Sections of the current nature reserve area are managed in different ways. ‘Oaktree field’, beside the main car park, has the grass cut short, perfect for walking, playing, picnicking. Big Wood, at the top of the park, together with other wooded areas, is mixed woodland, with paths through (these help protect the wonderful bluebells in spring). We also have meadows, cut late in the summer, which... Continue reading

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    A step change in nature recovery

    by Adam, 4 months ago

    Rewilding offers a glimpse of how our countryside once looked, sounded and smelled. It is a great way to demonstrate through education how much we have lost since WWII and intensification of land use. Using the core area of park as a true wild zone by limiting access will help nature reestablish and spread to other parts of the park and wider countryside, helped by creating wildlife corridors along hedgerows and streams in and out of the park. This does not need intensive human intervention to develop - it needs to be handsoff as much as possible, letting nature heal... Continue reading

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    Re-wilding as an opportunity to change people's attitudes and behaviours towards nature more widely, beyond the park itself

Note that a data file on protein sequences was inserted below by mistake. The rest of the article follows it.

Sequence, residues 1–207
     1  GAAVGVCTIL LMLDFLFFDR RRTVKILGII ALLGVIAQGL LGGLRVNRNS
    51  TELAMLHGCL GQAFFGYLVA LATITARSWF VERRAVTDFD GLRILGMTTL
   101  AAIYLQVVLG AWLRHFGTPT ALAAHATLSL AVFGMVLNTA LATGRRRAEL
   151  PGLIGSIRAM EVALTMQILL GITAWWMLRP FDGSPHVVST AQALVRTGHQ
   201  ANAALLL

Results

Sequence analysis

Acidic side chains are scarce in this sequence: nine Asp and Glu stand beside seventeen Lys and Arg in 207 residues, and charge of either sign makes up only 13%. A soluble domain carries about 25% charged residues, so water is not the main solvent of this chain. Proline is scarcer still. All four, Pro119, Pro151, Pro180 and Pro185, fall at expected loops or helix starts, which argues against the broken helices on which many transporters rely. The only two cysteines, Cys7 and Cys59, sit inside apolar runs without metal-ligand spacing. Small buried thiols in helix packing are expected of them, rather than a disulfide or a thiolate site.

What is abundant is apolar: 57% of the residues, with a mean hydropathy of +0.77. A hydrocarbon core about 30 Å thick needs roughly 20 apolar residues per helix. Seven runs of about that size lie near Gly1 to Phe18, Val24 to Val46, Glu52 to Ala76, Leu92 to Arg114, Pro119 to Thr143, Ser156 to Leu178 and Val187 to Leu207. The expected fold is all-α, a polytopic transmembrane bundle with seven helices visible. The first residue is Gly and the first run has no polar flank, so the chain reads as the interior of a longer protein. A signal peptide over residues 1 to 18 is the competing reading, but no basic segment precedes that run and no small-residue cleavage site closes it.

by J, 5 months ago

    I can see that this is very much what many of us want and is a wider ambition for this project for the experts involved. This is a fantastic opportunity to evaluate how a wider change in attitudes and behaviours can be achieved. Which specific parts of the re-wilding exercise work best to change what people do in their daily lives to support nature? We want to implement what we know works best in changing behaviour. What is the best available evidence of this now and, if the evidence base is embryonic, how can we work with others to evaluate... Continue reading

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    Children's language development - using the outdoors to support development of language so children can achieve their potential

    by J, 5 months ago

    Listening to Graham Spencer talk so passionately about the way nature can support the people's mental health and how the re-wilding of Allestree Park can achieve this, got me thinking about something I have worked on for many years ( in another area) - that is - supporting young children to develop adequate speech and language skills. Such skills are known to have an impact on how well a child does at school, how well they make friends and the extent to which they can make a positive contribution to their community.

    In Derby, you have the Talk Derby initiative... Continue reading